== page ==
Thanks to Norb Firnhaber and Leroy Haverlah who suggested that the group study Just a Little Bit More. Group convener Doug Nelson graciously told me more about the group and helped distribute copies of JaLBM. I introduced JaLBM themes to the group on February 16 – including the dominant religion in America as represented by the Caddy Man (you need to get to know him if you don’t already) – and they took it from there. They convened five sessions to discuss chapters one through eight and invited me back for a closing session on April 6. It was good to meet new folks and see others that I already knew – Ralph and Ellie Erchinger, Dorothy Kraemer, Jim and Kris Carlson – and to be in meaningful conversation with them. Doug Nelson says JaLBM brought out “the most vibrant discussions” the group has had for some time.

If you have a group at church, synagogue, or temple that appreciates meaningful discussion on the important social and economic issues of the day – without falling into well-worn blue and red ruts – take on a study of JaLBM. The book challenges readers with a perspective that cuts against the grain of today’s accepted conventional wisdom of money as highest good. As Peter Steinke says in the book’s foreword, JaLBM benefits its readers by showing “how we have shaped the system we are a part of and what can lead to a new way of doing economics that embraces the common good.”

The summary version of JaLBM with study guide questions is now available at the Blue Ocotillo Publishing website. The study guide version summarizes JaLBM‘s eight chapters and poses questions for discussion at the end of each chapter. Whether reading the full length book or the summary version, all present in a group setting can enter into meaningful discussion and conversation, just like the Monday Matters group at Triumphant Love did for seven sessions.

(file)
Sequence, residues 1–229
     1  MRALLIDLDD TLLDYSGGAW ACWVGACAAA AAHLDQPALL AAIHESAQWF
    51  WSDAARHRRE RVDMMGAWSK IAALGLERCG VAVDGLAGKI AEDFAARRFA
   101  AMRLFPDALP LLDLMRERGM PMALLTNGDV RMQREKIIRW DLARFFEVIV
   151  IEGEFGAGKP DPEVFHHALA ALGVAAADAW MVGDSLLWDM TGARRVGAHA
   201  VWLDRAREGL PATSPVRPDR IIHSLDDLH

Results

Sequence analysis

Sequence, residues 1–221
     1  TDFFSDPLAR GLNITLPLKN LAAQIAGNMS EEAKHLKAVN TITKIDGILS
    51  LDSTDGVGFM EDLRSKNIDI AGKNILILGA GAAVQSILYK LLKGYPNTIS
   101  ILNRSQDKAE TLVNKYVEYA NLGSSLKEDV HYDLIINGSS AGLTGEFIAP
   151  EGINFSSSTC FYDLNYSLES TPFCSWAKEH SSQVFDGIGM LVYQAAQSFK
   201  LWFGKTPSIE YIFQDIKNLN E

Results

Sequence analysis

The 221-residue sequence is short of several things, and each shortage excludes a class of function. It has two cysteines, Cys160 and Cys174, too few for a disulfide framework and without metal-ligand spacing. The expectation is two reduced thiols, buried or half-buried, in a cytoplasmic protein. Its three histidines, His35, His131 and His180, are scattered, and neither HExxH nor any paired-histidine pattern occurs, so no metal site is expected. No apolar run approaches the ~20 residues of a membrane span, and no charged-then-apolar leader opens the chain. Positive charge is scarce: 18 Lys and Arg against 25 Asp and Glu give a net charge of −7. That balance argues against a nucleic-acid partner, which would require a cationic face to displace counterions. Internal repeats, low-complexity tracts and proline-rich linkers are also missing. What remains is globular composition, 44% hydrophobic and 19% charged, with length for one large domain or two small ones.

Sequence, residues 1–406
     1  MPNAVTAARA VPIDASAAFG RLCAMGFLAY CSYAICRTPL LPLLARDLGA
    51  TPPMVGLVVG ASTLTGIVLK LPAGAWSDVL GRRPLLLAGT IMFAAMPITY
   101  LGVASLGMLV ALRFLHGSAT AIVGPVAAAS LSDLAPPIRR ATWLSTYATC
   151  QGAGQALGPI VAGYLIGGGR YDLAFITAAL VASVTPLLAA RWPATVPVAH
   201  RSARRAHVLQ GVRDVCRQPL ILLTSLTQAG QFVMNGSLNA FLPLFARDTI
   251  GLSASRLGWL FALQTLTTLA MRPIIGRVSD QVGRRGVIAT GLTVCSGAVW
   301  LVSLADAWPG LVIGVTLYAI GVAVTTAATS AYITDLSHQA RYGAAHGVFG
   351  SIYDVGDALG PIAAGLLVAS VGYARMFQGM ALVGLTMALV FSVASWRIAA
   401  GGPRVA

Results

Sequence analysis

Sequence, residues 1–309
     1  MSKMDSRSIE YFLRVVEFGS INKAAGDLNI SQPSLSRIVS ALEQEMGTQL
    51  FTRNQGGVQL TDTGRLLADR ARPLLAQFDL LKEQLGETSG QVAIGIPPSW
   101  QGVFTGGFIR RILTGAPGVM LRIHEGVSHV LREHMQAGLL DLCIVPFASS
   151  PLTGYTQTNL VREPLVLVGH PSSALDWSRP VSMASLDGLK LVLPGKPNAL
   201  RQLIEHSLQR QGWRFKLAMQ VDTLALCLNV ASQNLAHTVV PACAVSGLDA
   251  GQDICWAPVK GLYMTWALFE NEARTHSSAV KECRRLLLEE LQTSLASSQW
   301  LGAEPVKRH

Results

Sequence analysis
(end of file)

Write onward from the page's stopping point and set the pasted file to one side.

For those groups in Austin and its vicinity, I am available for presentations to lead JaLBM discussions on the topics of egalitarianism, social mobility, economic democracy, and common good – all from a faith perspective. I’m confident the discussions will be worthwhile and influential.

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“Anderson’s book is an extensive chronicling of the people, movements, and streams of thought that have led us on the quest to want just a little bit more. In the role of a theologically aware social critic, he reminds me of Niebuhr. He is deeply embedded in the Christian tradition, but has listened carefully to many other voices and thus speaks a reasonable, balanced, and authoritative public word. Anderson shows us the way back toward a commitment to egalitarianism that has become lost over the last century.”
Dr. Phil Ruge-Jones, Professor of Theology and Philosophy, Texas Lutheran University

 

Just a Little Bit More is available through the website of Blue Ocotillo Publishing, www.blueocotillo.com, and Amazon. Blue Ocotillo Publishing – paperback – $14.95 + tax (for Texas residents) + shipping. Ebook format available on Amazon, iBooks, and Nook. JaLBM Summary Version and Study Guide is available at the Blue Ocotillo Publishing website.